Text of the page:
The Monogram Murders
One of the more distasteful trends in modern publishing is the exhumation of the corpses of bestselling authors® and their fictional characters™, then signing up any dreadful hack to ghostwrite a piece of dire frankenfiction in their name. Ian Fleming and Robert Ludlum are among the dubious beneficiaries of this accolade, and now Agatha Christie has joined the party.
“But look at the audience for Downton Abbey – retro sells”, one can detect the publishing execs reasoning.
And so, one Sophie Hannah is engaged to reanimate Christie. The Monogram Murders opens in a London tearoom where Hercule Poirot encounters a flustered young lady who announces that she is about to be murdered, but that she doesn’t want the crime investigated. What follows is a tale so badly told that any notion of plot is completely subverted.
Sophie Hannah, it is said, is the author of nine psychological thrillers. If The Monogram Murders is anything to go by, then Enid Blyton is the author of a hundred. She has been shortlisted for the T.S Eliot poetry prize, which I assume is awarded for the whimper, rather than the bang.
This is writing by numbers and the most dreadful tosh imaginable, I am left wondering if Sophie Hannah only has English as a second language. Fortunately, the publishers sent me two copies, and so quite unable to believe my own eyes, I was able to try it out on my 73-year-old mum, who consumes crime fiction like it is going out of fashion.
Her verdict: "It’s like a slow moving game of chess.” Me: "And you don’t play chess, right?” Mum: “No, it’s too boring! ... I don’t have to finish this, do I?”
What can I say? Poirot’s fastidiousness has been updated to OCD. The characters are so dull and unappealing, that you long for the Quentin Tarantino remix, where the whole cast gets machine-gunned in slow motion while an Italian diva orgasms meaninglessly over a Morricone soundtrack in the background.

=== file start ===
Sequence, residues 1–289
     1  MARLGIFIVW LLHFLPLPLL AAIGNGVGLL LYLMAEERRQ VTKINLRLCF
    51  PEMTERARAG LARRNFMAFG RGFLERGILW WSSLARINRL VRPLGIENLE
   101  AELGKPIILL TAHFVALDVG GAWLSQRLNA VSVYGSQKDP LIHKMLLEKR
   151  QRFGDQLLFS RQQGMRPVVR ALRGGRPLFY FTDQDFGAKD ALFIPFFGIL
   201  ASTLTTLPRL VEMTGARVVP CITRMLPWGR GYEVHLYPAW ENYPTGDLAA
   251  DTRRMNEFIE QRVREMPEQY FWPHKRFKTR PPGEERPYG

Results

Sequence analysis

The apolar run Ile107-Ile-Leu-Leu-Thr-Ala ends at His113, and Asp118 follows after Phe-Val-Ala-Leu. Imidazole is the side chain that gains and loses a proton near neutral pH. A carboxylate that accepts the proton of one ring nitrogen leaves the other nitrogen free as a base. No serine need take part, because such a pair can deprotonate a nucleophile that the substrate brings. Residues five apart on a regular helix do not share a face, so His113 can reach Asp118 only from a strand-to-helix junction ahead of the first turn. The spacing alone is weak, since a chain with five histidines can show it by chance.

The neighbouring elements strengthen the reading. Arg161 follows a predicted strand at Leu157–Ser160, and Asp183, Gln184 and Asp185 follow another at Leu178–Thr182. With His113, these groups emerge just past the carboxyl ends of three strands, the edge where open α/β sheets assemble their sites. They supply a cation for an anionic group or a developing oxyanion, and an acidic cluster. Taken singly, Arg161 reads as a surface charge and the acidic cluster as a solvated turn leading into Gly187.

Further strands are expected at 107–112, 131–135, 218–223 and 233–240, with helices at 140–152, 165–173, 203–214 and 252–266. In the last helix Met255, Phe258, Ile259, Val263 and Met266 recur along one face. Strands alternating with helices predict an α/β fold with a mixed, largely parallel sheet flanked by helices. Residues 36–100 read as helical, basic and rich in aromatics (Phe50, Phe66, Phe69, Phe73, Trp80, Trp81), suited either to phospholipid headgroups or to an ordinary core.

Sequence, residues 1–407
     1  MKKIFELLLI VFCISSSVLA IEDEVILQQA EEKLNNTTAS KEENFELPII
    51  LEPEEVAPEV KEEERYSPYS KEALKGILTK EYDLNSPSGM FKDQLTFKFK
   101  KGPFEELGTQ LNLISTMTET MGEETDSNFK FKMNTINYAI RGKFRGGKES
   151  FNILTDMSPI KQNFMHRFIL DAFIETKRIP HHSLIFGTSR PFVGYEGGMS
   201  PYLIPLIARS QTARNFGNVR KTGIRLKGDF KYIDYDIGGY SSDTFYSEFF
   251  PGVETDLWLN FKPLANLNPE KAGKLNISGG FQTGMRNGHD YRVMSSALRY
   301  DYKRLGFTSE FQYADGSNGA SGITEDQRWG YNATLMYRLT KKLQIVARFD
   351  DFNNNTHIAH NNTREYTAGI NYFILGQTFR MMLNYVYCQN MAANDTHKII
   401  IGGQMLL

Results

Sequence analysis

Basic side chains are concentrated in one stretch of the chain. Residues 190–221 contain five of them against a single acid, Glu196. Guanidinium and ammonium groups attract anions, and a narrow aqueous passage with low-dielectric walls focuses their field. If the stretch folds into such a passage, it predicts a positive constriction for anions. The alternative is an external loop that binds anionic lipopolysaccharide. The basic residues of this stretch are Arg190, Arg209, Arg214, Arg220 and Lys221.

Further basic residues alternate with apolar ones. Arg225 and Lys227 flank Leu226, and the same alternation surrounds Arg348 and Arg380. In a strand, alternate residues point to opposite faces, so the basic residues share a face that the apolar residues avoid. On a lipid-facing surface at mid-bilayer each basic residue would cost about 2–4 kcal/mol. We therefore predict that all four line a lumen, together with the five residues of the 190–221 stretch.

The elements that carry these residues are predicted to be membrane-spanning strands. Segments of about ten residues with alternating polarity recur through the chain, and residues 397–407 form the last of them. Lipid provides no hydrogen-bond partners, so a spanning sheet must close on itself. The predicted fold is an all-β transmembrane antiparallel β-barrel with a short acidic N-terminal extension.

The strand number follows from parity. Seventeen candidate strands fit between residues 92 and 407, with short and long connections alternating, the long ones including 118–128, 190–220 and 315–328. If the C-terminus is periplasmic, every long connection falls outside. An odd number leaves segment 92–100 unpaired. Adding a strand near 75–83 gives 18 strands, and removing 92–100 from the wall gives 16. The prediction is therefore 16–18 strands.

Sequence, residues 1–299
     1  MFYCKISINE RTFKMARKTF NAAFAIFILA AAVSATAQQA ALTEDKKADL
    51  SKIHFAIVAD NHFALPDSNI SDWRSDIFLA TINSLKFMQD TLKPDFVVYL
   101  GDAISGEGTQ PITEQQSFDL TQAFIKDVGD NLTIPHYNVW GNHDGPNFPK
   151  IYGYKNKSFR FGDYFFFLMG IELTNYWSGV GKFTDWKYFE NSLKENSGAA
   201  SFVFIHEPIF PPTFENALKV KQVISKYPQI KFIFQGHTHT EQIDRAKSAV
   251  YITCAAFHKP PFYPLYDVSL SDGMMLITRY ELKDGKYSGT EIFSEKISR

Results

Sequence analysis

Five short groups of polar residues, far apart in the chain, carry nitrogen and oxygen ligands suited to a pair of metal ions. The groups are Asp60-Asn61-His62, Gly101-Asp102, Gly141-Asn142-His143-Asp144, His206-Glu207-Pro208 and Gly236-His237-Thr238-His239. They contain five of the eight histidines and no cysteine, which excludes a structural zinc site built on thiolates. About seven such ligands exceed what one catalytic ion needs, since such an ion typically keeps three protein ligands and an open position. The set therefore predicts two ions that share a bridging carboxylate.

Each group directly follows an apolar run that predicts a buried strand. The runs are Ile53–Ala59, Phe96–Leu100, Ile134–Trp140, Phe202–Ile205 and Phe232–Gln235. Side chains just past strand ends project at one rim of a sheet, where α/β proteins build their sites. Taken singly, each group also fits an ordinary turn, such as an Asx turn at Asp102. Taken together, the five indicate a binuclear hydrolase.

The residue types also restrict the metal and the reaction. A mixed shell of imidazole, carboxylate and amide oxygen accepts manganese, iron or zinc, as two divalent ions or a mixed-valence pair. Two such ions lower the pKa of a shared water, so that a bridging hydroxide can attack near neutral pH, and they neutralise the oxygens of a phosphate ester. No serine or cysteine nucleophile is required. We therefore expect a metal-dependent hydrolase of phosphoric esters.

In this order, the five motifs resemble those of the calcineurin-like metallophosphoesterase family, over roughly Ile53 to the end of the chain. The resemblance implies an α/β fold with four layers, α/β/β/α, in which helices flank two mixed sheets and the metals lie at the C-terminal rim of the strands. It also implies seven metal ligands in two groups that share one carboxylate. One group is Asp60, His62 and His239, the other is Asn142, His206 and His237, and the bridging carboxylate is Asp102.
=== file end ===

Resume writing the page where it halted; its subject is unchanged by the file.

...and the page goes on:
It is wrong on just about every level, the dialogue isn’t just wooden, it is positively carboniferous. I struggle to present a meaningful quotation from it, but here is an example:
“All right," said Richard, though he did not look happy. "It saddens me to admit it, but yes. Nancy Ducane should not have consorted with another woman’s husband. She should not have announced her liaison with Patrick to the village in the way that she did. We do not know that Frances Ive would have taken her own life if that had not happened. Regrettably, Nancy Ducane must also die.”
Given a choice between reading this book again and poking myself repeatedly in the eye, I’d go for the latter. It makes Sebastian Faulks read like Dostoevsky and Midsomer Murders seem like Proust.
The characters are zero dimensional, totally unappealing ciphers, who stumble through a contrived plot line that even the author doesn’t seem to believe in or care about. The faux retro mannerisms and English class relationships, which this genre is famous for, are about as out of place as Noël Coward in Hollyoaks. The only positive thing I can say about this book is that the cover is OK. MD ®
Title The Monogram Murders
Price £18.99 (Hardback) £9.99 (ebook)
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